CHEYENNE - Winter signifies the closure of most big game seasons throughout Wyoming and as seasons are closing, another important tool for wildlife managers is beginning: conducting harvest surveys.
Harvest surveys are conducted on all species hunted in Wyoming. Small surveys for species with few hunters are conducted in house by Game and Fish Department personnel. These include surveys for black bear, mountain lion, gray wolf, turkey, small game, upland birds, ducks, geese, trapping, bighorn sheep, moose and mountain goat. The Biological Services Section of the Game and Fish Wildlife Division can conduct these surveys since they only involve a few hundred to a few thousand hunters. The surveys are scattered throughout much of the year, making it manageable for existing staff.
However, with the major big game species, the Game and Fish simply does not have the manpower to handle the more than 110,000 annual contacts with hunters and survey processing that must be done to obtain reliable data on the previous hunting seasons. Many hunters have noticed that these surveys are not conducted by the Game and Fish.
Hunter Survey Coordinator Gail Sheridan said that due to the size of the survey, the Game and Fish must put the survey out to bid as with any contracted service. The bid process is overseen by the Department of Administration and Information (DA&I) and the Game and Fish evaluates the bids based on the cost, expertise with natural resource surveys, survey science and general methodology that will be used to conduct the survey, with a special interest in those with experience in conducting big game surveys.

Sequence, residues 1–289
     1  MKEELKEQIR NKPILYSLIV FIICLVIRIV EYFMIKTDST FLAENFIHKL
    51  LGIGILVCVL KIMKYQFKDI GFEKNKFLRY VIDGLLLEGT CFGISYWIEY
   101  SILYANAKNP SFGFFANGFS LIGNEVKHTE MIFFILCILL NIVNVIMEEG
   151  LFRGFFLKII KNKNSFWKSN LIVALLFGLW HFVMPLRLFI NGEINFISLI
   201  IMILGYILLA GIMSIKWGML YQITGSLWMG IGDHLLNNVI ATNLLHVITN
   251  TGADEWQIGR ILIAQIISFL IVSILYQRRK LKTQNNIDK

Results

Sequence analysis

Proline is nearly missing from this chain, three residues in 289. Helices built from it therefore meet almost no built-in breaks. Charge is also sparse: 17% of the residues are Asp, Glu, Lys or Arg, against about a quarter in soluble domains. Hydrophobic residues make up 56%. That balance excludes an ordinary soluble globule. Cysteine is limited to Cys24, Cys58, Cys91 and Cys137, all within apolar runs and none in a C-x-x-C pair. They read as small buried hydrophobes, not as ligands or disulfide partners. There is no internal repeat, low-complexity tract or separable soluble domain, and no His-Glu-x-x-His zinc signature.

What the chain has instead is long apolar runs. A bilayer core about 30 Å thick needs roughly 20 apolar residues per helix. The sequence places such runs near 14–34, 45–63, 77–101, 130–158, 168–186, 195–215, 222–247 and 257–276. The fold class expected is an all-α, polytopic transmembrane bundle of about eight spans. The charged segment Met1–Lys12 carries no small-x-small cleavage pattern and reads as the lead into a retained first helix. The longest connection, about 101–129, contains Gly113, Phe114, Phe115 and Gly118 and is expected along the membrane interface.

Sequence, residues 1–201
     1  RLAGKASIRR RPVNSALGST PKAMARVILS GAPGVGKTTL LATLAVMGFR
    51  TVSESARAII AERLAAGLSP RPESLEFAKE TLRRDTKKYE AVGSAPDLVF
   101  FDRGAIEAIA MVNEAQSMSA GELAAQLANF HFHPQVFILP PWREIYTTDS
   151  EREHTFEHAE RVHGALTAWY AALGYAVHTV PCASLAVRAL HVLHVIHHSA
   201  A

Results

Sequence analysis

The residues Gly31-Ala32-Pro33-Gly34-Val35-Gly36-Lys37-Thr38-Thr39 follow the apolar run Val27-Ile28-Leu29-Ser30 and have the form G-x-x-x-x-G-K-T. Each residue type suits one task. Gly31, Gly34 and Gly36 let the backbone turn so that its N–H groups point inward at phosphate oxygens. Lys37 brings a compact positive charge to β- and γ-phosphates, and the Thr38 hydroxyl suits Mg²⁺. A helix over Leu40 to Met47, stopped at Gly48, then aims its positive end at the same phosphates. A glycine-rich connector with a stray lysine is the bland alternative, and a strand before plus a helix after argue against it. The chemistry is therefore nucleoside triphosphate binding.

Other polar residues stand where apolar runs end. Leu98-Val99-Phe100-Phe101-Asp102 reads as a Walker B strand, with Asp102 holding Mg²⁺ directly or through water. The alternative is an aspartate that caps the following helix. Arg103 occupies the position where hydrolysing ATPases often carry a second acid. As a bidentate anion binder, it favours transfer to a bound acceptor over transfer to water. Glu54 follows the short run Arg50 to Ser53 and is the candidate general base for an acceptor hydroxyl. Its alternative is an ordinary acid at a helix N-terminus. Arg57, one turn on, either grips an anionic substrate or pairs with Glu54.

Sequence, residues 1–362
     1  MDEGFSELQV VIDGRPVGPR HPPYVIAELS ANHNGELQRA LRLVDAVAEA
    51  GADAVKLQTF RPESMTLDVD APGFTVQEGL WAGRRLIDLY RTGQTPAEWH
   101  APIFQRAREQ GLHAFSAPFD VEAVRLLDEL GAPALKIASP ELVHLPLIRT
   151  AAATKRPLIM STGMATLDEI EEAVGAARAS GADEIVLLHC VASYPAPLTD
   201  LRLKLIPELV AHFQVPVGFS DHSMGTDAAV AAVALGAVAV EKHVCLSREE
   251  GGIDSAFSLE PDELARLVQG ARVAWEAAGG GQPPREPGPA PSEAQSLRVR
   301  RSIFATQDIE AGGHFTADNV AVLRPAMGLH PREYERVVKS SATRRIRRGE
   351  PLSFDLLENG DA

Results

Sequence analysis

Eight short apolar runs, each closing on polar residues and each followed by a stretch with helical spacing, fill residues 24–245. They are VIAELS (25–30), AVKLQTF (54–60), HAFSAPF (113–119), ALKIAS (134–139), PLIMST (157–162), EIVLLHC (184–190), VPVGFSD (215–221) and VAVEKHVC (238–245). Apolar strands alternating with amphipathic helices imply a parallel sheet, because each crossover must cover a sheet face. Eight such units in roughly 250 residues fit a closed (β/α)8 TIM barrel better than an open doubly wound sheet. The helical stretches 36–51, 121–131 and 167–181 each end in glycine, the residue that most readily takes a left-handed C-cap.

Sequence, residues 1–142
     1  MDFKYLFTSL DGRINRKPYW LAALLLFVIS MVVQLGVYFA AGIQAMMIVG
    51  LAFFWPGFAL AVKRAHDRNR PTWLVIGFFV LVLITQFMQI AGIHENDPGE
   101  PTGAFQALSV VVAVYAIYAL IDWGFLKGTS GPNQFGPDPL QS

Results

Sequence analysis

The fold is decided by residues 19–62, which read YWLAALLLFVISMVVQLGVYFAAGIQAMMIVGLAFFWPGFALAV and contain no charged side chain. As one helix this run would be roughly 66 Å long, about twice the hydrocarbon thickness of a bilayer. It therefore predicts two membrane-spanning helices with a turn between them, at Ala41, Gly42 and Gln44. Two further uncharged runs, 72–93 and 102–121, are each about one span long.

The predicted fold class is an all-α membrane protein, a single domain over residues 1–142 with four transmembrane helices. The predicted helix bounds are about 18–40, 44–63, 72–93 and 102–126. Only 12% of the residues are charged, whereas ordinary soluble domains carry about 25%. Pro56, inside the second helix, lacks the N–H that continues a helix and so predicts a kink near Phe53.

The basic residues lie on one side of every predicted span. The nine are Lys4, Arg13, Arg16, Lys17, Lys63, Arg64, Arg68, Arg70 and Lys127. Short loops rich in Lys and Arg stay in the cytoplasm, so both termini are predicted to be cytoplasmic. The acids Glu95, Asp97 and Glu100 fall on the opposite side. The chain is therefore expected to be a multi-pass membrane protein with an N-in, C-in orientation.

“Over the past several decades, the Game and Fish has seldom received a bid from a Wyoming company or any company in the Rocky Mountain region,” Sheridan said. “The Game and Fish would prefer todo business with qualified local contractors, but from a technical standpoint, it doesn’t matter where a harvest contractor is located.”
The current harvest survey contractor for the Game and Fish is based in Wisconsin, and is a subsidiary of an international company that specializes in surveys and other government services. It has staff with decades of cumulative experience in natural resource surveys.
“That company has encouraged and helped the Game and Fish make significant improvements and cost savings in big game harvest surveys over the years,” Sheridan said. “These include offering internet survey capabilities, which has saved the department thousands of dollars each year on printing, postage and data processing costs.”
The big game harvest surveys use statistically valid, random sample sizes for license types, residency and hunt areas so estimates have high accuracy. Basically, this means that enough of both resident and nonresident hunters holding thedifferent license types are surveyed to get a reliable sample. Everyone does not receive a survey (too expensive) and a survey of everyone is not necessary for elk, deer and antelope because the sampling regime provides adequaterepresentation to get accurate estimates.
From a wildlife management standpoint, the location from which the surveys are conducted is not important. “What is important is that when hunters receive notice they have been included in the sample pool, they respond by completing their survey as quickly as possible whether it be online or hard copy,” Sheridan said. “All survey results end up in the hands of the Game and Fish which then uses the data for setting hunting seasons, quotas and implementing wildlife management strategies for coming years.”
(Contact: Gail Sheridan (307) 777-4567)